On Migrants Day, OFWs lament gov’t policy
Militant labor group Migrante International on Sunday marked National Migrants Day by enumerating a litany of problems besetting Filipino migrants, saying that the sector was in its “worst state” under the Aquino administration.
The government has not made known any activities or celebration to observe the occasion, which is also known as “Araw ng Pasasalamat,” to mark the signing into law of Republic Act No. 8042, or the Migrant Workers Act of 1995.
The law was designed to “establish a higher standard of protection and promotion for the welfare of migrant workers and their families.”
In a statement, the group noted that 20 years after the law was enacted shortly after the execution of Filipino domestic worker Flor Contemplacion in Singapore, overseas Filipino workers (OFWs) were “more beleaguered than ever.”
Migrante International secretary general Sol Pillas said it still remained to be seen whether the law would work for the protection of migrant workers or simply further institutionalize the policy of labor export.
“Twenty years after and the bomb has exploded on our faces. What we feared has happened and worsened under the present Aquino administration. [His] labor export policy continues to wreak havoc on the lives and welfare of migrant workers and their families,” Pillas said.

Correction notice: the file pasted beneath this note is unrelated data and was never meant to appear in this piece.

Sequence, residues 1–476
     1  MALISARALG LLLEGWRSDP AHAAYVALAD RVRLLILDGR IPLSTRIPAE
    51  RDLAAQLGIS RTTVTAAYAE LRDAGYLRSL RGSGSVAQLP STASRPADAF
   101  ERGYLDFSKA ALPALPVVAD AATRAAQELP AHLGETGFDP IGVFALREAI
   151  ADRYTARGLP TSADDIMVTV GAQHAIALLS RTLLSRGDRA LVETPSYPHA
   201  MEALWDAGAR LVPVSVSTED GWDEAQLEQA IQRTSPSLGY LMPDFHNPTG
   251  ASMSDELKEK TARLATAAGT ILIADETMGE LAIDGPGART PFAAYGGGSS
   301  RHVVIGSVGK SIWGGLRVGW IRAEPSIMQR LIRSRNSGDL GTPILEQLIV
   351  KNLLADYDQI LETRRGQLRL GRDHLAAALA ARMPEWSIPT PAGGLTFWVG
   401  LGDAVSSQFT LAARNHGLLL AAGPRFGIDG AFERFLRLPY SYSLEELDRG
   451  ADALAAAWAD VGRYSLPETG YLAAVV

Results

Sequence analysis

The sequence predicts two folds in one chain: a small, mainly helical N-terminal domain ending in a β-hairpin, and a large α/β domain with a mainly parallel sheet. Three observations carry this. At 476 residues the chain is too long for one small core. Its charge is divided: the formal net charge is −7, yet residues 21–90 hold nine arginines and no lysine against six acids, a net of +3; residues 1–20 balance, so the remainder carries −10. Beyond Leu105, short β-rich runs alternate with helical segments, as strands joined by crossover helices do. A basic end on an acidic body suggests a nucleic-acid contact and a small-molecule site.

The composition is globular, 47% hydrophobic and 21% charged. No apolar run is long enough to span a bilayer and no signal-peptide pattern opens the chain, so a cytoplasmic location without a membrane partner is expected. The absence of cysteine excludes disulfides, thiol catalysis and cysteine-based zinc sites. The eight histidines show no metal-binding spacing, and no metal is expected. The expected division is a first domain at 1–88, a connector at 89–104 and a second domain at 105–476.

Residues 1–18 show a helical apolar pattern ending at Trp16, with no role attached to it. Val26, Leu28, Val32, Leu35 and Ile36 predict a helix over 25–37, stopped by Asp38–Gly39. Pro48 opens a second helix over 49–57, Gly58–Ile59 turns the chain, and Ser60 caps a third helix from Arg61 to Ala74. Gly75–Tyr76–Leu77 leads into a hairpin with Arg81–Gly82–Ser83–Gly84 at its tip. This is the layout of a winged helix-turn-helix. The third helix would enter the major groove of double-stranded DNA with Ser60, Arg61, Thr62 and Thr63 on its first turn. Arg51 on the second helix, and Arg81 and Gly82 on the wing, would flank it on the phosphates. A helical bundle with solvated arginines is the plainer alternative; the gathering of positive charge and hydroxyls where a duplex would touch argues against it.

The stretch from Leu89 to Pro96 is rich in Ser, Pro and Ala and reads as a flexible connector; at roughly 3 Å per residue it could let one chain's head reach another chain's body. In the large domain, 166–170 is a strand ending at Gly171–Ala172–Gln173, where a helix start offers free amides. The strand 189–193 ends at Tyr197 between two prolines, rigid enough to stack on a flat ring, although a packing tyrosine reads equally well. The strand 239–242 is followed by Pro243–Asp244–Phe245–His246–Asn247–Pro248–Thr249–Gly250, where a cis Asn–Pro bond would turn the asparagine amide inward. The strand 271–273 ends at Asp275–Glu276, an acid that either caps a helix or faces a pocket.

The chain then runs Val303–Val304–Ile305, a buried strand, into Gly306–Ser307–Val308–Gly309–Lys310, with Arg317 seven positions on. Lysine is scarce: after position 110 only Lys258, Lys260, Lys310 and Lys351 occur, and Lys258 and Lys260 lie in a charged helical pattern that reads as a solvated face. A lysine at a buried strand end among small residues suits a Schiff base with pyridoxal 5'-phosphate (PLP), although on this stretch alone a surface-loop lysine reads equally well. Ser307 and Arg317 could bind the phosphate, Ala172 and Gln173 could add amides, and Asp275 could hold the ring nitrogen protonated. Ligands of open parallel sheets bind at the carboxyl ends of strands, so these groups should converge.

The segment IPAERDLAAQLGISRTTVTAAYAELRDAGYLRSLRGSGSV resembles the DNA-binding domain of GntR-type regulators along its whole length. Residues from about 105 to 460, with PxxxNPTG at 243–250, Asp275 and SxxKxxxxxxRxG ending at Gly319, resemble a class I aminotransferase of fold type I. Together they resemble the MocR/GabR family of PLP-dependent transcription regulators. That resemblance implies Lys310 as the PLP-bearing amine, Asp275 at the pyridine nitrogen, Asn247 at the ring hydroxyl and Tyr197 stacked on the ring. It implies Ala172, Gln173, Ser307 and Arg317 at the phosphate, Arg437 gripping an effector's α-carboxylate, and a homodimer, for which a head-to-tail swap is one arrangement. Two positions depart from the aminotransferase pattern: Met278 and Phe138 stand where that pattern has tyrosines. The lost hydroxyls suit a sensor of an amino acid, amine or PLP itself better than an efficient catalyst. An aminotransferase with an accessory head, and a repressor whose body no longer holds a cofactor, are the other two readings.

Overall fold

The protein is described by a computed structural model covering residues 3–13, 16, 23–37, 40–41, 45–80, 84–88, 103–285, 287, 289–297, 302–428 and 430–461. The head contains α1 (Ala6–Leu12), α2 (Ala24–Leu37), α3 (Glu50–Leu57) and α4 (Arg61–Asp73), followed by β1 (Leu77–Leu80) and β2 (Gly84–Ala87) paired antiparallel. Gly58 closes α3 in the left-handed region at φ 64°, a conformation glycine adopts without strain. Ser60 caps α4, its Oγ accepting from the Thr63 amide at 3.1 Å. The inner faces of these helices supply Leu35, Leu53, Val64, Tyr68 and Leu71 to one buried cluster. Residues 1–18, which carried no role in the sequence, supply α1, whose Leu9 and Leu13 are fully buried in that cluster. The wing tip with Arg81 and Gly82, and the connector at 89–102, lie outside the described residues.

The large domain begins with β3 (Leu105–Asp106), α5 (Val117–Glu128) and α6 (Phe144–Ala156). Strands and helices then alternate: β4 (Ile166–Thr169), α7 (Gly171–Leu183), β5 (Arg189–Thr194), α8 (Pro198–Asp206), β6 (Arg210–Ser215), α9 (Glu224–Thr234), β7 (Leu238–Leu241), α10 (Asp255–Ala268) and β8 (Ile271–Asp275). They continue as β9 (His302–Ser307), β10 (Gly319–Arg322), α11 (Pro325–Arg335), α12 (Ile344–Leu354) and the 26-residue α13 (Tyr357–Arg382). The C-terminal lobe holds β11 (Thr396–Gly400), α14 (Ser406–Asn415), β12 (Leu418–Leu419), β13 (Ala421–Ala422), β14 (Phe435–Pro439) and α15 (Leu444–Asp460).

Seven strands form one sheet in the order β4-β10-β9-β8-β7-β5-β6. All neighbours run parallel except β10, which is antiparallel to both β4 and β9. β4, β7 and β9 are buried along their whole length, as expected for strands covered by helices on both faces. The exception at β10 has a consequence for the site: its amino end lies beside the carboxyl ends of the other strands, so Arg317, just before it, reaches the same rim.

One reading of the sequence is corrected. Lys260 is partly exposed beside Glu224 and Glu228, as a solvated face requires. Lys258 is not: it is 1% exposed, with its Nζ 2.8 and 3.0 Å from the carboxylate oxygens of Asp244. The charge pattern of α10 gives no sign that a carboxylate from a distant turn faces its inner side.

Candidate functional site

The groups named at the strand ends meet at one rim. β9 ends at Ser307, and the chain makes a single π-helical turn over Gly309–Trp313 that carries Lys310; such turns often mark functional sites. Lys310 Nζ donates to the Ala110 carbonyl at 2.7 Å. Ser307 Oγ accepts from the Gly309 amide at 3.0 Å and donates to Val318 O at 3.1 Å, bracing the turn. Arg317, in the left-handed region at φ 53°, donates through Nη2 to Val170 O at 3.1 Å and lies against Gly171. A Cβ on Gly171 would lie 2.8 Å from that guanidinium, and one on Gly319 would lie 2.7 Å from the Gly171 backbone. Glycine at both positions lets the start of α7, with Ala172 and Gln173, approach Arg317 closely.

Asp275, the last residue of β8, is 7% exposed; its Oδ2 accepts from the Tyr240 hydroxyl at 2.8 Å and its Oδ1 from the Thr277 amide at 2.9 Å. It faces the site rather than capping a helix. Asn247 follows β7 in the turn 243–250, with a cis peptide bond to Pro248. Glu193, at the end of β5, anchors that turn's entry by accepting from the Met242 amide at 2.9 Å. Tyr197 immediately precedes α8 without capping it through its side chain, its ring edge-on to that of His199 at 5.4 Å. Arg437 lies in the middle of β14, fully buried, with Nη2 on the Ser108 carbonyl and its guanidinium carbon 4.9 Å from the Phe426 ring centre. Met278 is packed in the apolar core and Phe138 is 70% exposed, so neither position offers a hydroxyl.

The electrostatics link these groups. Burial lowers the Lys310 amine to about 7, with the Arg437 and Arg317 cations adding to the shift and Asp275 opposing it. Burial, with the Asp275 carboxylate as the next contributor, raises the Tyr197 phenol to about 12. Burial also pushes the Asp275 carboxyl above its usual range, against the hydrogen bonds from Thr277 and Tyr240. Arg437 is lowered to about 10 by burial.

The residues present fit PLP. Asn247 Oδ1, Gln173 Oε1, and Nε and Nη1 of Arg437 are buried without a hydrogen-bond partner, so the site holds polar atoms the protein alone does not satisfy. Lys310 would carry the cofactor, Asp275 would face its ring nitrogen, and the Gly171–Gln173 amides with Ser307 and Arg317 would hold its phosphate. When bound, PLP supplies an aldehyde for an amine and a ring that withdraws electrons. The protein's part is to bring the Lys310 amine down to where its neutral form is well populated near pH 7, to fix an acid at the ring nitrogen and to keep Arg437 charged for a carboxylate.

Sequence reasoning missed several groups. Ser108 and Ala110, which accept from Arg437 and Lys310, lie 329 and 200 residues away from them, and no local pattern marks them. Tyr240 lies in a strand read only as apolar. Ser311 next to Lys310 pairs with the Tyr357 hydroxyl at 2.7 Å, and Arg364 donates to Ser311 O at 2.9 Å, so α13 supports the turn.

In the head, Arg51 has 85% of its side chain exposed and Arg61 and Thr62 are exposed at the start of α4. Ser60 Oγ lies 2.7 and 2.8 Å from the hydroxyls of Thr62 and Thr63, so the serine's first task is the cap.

She said labor export had intensified under the current administration since OFWs continued to save the country’s deteriorating economy. She also belied Aquino’s claim in his speech during his recent state visit to Japan that the number of OFWs had declined since 2010 due to the “developing economy.”
Citing data from research group Ibon Foundation, Pillas noted that the number of Filipinos leaving to work abroad had tripled since Aquino took office—from 2,500 daily in 2010 to 4,500 in 2012 and 6,000 by the end of 2014.
Because of the Aquino administration’s desperation to find more job markets abroad due to the country’s worsening economic situation caused by unreformed policies, its only recourse has been to intensify its labor export program at the expense of the OFWs,” she said.
“It has become more clear that the labor export policy is nothing but a big business venture from which the government profits, with OFWs as the milking cows,” she added.
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